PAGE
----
Whether it’s Wunderman Thompson or Ogilvy dropping all of its agency brands and bringing them together under one P&L, it’s clear we live in rapidly changing times. As some of the world’s biggest agency networks consolidate their offerings, I’ve been asked more and more lately: where does this leave the independents?
As someone who built their career in the networks before jumping into the world of independents, I see a huge opportunity here. But with that come some new, genuine threats to the agency model. Let me explain.
We have to start with looking at why the big networks are consolidating. While there are obvious financial benefits to bringing multiple agencies under one roof—think merging HR functions, departments, and other cost savings—there’s a bigger reason. In today’s market, clients are demanding more specialist skills and diversification than ever before.
Whole new disciplines have opened up, especially within digital, that clients need and can’t (or don’t want to) develop in-house. Yet at the same time, budgets and client teams are shrinking. What the networks are doing so well is filling this void. After all, it’s still easier for clients to deal with a single retained agency they trust, rather than a whole range of agencies for each new—and ever-changing—discipline or channel that arises.
The result is mergers like VMLY&R, a “new brand experience agency” (their words, not mine). But it makes sense in today’s market. Which client wouldn’t prefer a one-stop shop with a pre-prepared buffet of specialties ? And which network agency wouldn’t jump at the chance to organically cross-sell their services across their entire client portfolio?
But what this shift acknowledges is the importance of specialization which is exactly where many independent agencies come into their own. Most have niche product offerings and specialist capabilities around SEO, analytics, mobile, e-commerce, CRM and social.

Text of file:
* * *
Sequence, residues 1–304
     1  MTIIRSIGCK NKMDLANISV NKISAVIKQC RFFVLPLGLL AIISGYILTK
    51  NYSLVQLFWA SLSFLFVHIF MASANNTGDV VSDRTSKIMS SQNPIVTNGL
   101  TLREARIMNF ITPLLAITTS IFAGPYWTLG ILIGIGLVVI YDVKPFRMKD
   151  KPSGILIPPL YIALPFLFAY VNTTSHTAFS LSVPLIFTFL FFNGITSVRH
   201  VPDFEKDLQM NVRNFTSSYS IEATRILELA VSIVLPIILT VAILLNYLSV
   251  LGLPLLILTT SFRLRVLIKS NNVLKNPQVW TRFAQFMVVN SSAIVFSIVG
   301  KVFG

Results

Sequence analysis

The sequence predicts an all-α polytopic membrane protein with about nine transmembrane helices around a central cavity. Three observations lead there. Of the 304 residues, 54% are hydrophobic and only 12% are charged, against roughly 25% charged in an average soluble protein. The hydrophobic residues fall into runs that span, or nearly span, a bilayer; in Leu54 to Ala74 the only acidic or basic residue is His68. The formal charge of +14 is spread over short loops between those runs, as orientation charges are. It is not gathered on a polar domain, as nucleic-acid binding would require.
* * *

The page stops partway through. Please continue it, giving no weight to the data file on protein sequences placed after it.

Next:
Across the region, we’re seeing specialist independent agencies starting to compete with the largest networks and getting onto pitches that would’ve been unimaginable only a few years ago. As client needs have become more specialized, it’s levelled the playing field. Not in terms of scale, of course, but in terms of specialist capabilities.
And there’s a huge opportunity here.
Many specialist agencies are hungrier and more versatile than their integrated counterparts. They are happy to work on a project basis, where others prefer more traditional retained accounts. And they’re much more likely to offer only what the client needs rather than the whole suite of services on offer. This agility and versatility come with strategic and financial benefits for today’s savvy clients.
For all of these reasons, the future looks bright for specialist agencies. But we need to be in no doubt that when we’re both eating each other’s lunch, we could see even more competition between the indies and network agencies.
Whether this leads to a further consolidation of agency brands is yet to be seen, but one thing’s for sure: the renewed focus on specialist capabilities has already changed the industry landscape forever.
Luke Janich is CEO of RED²